Summary of Results from the 2011 Woodbury Route Breeding Bird Survey

Eastern Towhee photo by Bob Nicks
Savannah Sparrow photo by Paul Fusco
Blue-winged Warbler photo by Brian Zweibel
Brown Thrasher photo by Paul Fusco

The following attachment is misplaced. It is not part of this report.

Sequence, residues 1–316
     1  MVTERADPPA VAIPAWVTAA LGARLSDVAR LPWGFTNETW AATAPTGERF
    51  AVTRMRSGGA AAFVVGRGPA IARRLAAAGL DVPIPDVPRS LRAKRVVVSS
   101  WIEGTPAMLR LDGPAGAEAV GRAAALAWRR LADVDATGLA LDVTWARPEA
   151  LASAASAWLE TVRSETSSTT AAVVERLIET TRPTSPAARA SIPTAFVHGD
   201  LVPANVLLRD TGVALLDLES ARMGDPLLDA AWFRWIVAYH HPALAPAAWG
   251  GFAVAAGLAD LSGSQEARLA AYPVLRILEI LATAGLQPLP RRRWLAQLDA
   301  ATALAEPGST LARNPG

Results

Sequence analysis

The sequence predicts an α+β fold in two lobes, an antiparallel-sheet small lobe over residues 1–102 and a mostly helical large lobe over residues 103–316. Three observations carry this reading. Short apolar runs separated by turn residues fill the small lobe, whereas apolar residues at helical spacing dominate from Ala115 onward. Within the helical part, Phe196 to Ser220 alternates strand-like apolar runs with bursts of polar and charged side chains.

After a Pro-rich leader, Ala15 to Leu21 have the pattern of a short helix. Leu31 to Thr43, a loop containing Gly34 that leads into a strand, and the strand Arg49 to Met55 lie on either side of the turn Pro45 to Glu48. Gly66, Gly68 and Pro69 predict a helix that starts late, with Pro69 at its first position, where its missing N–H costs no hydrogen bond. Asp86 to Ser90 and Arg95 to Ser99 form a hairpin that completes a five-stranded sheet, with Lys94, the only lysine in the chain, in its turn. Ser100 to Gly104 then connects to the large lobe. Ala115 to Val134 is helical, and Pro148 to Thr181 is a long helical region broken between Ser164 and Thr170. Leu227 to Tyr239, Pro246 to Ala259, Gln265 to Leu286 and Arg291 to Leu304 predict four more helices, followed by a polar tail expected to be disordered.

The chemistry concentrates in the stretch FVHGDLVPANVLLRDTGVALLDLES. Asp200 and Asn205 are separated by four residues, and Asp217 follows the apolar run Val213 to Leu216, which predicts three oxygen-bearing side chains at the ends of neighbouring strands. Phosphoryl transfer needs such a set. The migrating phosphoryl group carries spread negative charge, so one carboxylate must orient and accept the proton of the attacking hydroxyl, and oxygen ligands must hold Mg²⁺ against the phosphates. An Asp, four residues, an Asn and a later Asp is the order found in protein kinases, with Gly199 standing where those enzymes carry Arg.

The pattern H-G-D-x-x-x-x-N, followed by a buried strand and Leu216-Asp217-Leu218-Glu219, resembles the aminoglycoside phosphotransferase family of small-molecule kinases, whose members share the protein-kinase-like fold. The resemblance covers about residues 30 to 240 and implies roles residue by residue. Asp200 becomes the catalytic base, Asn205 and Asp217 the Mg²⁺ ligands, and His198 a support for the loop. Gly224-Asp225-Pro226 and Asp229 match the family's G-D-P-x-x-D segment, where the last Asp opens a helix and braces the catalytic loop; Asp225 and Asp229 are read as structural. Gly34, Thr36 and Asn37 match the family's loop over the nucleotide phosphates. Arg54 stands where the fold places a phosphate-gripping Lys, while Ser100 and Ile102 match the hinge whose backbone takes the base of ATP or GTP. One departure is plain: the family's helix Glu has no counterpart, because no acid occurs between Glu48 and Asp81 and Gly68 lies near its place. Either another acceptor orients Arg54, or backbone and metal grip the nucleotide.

As a follow-up to my last posting about the results of last summer's Breeding Bird Survey of the Warren-to-Northfield route, here are the results of the survey of the Woodbury-to-Goshen route that I conducted on July 4th. I thought that by doing this on this date I would avoid a lot of the annoyances caused by vehicular traffic on weekdays. Wrong! Actually, I was right that there would be very little traffic during the early morning, but it picked up considerably after 8:30 a.m. This was especially true on State Routes 109 and 202. Despite the traffic, this survey produced 3 more species and 582 more individual birds than last year. The 72 species found this year is a little above average and the 1,910 individual birds recorded is about 400 more than average. It certainly helped that weather conditions were absolutely gorgeous this day. Besides sunshine, there was only a light breeze and low humidity. It also helped that the destruction of land for housing and other developments ground to a halt along this route 3 years ago and hasn't resumed. We can be cautiously optimistic that Brown Thrashers (3), a Blue-winged Warbler, 17 Eastern Towhees, and a Savannah Sparrow were found along this route this year. All 4 of these grassland/shrubland species are hurting across much of their range. A fifth member of this habitat group, the Indigo Bunting, was found along this route this year in the form of 10 individuals, but this marks the second year of a decline in their numbers. Species noticeably less common this year than last year included Tree Swallow (probably due to June being so cold and wet) and Ovenbird (maybe because they sing a lot less in July than in June). Only 9 other species were less numerous this year than last year. By contrast, 56 species were found to be in higher numbers this year than last year. This tracks with the findings from the Summer Bird Counts that were held in June. However, as I said in the last blog posting, it is impossible to detect all of the birds at each of the 50 stops because the standardized protocol has us spending only 3 minutes at each stop. As it is, some people think that I'm hallucinating because I get so many birds at many of these spots in such a short time. It is simply a matter of having excellent hearing and knowing what I'm hearing. Very few of the birds on these surveys are actually seen. Getting back to the birds, themselves, the species showing the biggest increases over last year were Chipping Sparrow, Gray Catbird, American Goldfinch, Cedar Waxwing, American Robin, Veery, Red-eyed Vireo, Tufted Titmouse, and House Sparrow. Most of these species are highly adaptable. The 5 most abundant species this year, in decreasing order of abundance, were American Robin, Gray Catbird, Chipping Sparrow, American Goldfinch, and Tufted Titmouse.

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